“I realize she could have given up, have us be adopted or just die of heartbreak. Because her will was so strong, her priority was to be the mother for all her children.”

Ian Seiuli, a member of the Samoan Club and a senior studying IT, shared Culture Night is not about just portraying the culture, but also an opportunity to share and learn from one another.

“Culture Night is what makes BYUH unique,” he said. “It’s especially significant this year because we are trying to send a positive, optimistic message that the future is bright for us.”

Seiuli said the male section of their performance represented the masculinity of Samoan men as the protectors and providers of the family. He explained the dance did not attempt to place women in a bad light, but how they share responsibilities in a relationship.

Men wearing blue skirts and white hanging clothe around their calves are clapping on a white stage with a black background with a screen behind them.
Samoa Club men's performance during Culture Night 2021.


He said a perfect example was his mother because she was open minded and optimistic. Seiuli, who is married, said he also recognizes the importance of sharing the load in a relationship. “To accomplish something successfully, you need to work together,” he said. “It gets more difficult when you work alone, and it’s never easy to fix things on your own.”

Steve Vaiouga, member of the Samoan Club and a senior studying social work, said joining the club was a way to connect with his culture and to uplift and learn from others.

He said the club held activities, like family home evening, to keep the club connected. “We have our own struggles, and we sometimes don’t get to share that. Being part of the club gives me that opportunity to share my experiences with others,” Vaiouga said.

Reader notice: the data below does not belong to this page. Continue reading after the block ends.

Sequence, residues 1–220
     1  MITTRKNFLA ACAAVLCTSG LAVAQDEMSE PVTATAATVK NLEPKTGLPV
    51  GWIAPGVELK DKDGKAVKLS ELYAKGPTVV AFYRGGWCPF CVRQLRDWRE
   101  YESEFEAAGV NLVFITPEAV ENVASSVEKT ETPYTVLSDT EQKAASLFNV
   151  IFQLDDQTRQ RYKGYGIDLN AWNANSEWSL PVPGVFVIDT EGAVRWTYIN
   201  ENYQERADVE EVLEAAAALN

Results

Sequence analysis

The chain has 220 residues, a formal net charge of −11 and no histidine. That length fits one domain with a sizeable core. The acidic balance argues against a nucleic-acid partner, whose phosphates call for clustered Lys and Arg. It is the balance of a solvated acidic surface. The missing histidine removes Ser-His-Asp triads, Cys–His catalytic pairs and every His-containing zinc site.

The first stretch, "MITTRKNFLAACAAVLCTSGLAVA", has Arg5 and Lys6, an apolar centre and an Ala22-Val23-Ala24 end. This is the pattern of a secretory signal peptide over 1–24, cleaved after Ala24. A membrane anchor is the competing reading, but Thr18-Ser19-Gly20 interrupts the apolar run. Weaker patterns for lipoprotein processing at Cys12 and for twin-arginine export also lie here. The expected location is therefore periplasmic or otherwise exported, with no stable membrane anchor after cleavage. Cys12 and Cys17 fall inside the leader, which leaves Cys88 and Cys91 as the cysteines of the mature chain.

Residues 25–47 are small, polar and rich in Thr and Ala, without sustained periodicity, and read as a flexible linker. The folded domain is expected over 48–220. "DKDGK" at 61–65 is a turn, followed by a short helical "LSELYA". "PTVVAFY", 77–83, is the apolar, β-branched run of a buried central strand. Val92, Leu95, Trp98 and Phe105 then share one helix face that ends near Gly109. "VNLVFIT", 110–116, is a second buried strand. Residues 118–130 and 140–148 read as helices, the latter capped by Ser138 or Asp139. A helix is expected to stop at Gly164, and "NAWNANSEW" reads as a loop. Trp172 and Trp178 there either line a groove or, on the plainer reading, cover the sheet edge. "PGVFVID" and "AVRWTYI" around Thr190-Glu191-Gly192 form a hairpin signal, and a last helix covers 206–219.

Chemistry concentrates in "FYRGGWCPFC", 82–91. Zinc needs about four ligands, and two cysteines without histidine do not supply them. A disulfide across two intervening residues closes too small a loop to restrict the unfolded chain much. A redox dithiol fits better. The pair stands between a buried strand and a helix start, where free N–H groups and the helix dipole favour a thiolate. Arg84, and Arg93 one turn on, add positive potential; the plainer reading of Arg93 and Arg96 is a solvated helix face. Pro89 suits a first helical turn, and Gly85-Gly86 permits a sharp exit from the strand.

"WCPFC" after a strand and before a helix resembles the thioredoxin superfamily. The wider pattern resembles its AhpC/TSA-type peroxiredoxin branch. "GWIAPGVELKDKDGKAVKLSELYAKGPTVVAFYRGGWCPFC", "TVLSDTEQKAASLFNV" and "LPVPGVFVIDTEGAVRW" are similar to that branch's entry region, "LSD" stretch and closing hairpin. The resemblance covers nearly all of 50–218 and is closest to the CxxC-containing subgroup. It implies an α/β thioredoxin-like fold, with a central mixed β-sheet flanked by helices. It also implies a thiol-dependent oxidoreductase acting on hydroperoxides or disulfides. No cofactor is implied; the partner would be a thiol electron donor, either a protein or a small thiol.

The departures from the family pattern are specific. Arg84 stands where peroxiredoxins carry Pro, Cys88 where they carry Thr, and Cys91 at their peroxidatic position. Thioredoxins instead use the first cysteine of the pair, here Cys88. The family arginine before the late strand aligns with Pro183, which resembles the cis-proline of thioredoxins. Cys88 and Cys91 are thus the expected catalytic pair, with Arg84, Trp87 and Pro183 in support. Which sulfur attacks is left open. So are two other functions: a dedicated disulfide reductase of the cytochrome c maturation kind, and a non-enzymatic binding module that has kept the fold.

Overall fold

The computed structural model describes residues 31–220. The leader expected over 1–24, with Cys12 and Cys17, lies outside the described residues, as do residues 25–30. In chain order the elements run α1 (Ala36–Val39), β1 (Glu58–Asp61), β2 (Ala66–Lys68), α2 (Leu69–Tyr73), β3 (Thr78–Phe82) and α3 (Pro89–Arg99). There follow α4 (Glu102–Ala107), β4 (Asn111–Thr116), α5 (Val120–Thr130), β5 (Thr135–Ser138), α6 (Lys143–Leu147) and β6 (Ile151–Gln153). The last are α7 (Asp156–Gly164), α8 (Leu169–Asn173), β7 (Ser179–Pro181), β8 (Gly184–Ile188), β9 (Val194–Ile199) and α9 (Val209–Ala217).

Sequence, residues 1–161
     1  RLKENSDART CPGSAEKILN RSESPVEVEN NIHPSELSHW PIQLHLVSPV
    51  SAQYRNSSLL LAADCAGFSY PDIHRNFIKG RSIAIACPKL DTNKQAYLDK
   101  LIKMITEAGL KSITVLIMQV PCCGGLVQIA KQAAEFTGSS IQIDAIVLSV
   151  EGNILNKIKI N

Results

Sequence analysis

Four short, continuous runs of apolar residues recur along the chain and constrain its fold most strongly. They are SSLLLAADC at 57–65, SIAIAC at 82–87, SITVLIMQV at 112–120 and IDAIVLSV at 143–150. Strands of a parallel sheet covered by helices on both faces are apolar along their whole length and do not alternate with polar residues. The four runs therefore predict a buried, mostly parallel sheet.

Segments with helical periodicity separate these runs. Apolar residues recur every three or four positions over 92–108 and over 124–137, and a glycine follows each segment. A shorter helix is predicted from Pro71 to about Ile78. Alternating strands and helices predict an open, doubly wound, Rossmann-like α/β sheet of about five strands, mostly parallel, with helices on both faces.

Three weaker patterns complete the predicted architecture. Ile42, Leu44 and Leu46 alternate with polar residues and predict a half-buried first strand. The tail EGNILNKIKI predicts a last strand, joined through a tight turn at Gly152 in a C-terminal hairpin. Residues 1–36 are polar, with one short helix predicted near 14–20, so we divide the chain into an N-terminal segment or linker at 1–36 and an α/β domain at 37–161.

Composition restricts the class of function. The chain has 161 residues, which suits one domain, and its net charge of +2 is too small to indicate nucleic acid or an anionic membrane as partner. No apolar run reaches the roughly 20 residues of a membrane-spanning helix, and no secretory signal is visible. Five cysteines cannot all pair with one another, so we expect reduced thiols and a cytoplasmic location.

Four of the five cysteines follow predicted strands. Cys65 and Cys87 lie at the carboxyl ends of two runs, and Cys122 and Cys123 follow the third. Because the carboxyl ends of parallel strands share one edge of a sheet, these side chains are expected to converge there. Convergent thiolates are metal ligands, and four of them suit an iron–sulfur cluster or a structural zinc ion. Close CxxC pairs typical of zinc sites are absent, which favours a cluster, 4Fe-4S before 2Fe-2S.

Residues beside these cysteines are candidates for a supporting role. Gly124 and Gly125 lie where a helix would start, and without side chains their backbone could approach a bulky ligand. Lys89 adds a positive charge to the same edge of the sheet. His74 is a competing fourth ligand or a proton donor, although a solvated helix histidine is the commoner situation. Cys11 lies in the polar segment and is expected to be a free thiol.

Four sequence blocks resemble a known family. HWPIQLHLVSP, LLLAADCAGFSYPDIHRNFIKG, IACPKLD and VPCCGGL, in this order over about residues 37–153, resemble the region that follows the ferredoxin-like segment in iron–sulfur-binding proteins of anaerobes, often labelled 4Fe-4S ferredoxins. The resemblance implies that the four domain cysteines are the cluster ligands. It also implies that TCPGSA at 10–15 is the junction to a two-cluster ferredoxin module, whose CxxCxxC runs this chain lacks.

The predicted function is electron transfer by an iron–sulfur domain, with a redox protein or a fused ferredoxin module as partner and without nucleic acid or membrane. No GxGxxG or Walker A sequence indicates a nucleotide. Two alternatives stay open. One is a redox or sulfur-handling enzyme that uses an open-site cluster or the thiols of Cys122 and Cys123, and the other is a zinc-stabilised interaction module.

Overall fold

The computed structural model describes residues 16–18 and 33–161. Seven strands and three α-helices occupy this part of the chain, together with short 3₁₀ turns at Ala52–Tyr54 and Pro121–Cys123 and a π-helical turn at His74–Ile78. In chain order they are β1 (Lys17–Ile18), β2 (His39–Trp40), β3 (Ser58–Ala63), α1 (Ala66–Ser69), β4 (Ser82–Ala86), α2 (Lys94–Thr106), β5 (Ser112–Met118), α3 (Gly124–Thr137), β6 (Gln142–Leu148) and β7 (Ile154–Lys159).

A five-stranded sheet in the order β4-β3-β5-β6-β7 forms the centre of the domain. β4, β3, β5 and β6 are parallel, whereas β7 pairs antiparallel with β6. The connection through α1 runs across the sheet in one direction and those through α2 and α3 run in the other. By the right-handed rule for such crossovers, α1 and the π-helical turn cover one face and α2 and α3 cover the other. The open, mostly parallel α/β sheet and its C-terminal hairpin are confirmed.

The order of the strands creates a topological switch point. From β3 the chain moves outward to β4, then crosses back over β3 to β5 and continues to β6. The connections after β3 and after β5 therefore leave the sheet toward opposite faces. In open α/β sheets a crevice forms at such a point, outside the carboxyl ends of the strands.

Although he did not participate in Culture Night, Vaiouga said the event still taught him to appreciate his culture and to remember his roots. “I love the ability to appreciate others’ cultures at BYUH. Understanding others’ cultures can bring us together, no matter where we come from.”

He said Fogavai exemplifies the Samoan culture of love and respect. “She always goes out of her way to serve others. She also deals with adversity calmly and sees it as an opportunity to think about what she needs to do to bring students together.”

Fisher encouraged students to share their culture by learning about their ancestors. She and her husband made a goal to send their children to Samoa every summer to experience their culture, she explained. “It’s still worth telling people and showing them where your ancestors lived,” she said.

“You can learn the language, but you can’t experience culture through a textbook. You can’t appreciate it until you’ve experienced it yourself.”

Seiuli said understanding culture starts with respecting your parents and learning obedience from a young age. “You don’t learn important values from movies or from other people,” he said. “When you learn from your family, you learn the truth.”

More photos can be found on Ke Alaka'i's Facebook page.